U.S. Defense Secretary Jim Mattis has arrived in Afghanistan, making an unannounced visit to assess the needs in the war against Taliban and other militants.
Mattis, who is the first member of President Donald Trump's cabinet to visit Afghanistan, was expected to meet Afghan officials and U.S. troops while in Kabul.
His arrival coincided with an announcement that the Afghan defense minister and army chief of staff had resigned in the wake of a Taliban attack on an army base on April 21 that killed scores of soldiers.
Afghanistan is the sixth stop on a weeklong tour Mattis said was intended to bolster relations with allies and partners. He also visited Qatar, Saudi Arabia, Egypt, Israel, and the small East African country of Djibouti.
General John Nicholson, the top U.S. commander in Kabul, recently told Congress that he needed a few thousand more troops to keep Afghan security forces on track to eventually handling the Taliban insurgency on their own.
Mattis was due to meet top officials including President Ashraf Ghani less than two weeks after the U.S. military dropped its most powerful nonnuclear bomb, the MOAB, on Islamic State hideouts in eastern Afghanistan.
Mattis, who served in Afghanistan, has said he is compiling an assessment for Trump on Afghanistan's long-running conflict. He is the second senior U.S. security official to visit Afghanistan this month, after national security adviser General H.R. McMaster.
Around the time Mattis arrived, Ghani's office announced that he had accepted the resignations of Defense Minister Abdullah Habibi and the army chief of staff.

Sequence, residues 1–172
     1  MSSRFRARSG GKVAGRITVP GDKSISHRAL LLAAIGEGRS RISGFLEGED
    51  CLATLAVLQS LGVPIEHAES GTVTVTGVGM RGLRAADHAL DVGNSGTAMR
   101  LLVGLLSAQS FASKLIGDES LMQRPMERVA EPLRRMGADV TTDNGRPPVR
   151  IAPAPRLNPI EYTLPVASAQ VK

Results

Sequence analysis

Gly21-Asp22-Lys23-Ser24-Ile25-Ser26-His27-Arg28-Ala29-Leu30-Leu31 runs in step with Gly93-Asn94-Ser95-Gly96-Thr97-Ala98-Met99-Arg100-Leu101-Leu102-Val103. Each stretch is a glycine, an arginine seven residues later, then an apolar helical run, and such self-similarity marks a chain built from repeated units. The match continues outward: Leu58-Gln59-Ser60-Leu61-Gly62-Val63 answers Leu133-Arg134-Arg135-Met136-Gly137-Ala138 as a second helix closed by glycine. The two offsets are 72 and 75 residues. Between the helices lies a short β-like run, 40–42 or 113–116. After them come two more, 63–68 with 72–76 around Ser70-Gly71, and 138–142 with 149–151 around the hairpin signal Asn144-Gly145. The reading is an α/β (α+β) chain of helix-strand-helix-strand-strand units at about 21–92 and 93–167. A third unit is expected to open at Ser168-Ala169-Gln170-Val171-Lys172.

Their departure followed one of the deadliest Taliban attacks targeting the Afghan security forces, an assault on an army base in the northern city of Mazar-e Sharif.
The Defense Ministry said that more than 100 military personnel were killed or injured in the attack, but officials in Kabul told RFE/RL that more than 130 had been killed. Some officials put the toll even higher.
Ghani's office also said he had replaced the commanders of four army corps in response to the attack.
Trump's administration is seeking to build its strategy for the Afghan conflict -- the longest war in U.S. history.
Taliban militants hold large amounts of territory more than 15 years after being driven from power by a U.S.-led invasion following the September 11, 2001, terror attacks on the United States.
General Nicholson recently told a congressional hearing that he needed several thousand more international troops in order to break a stalemate in the war against the Taliban.
U.S. officials say that Nicholson's request was advancing through the chain of command.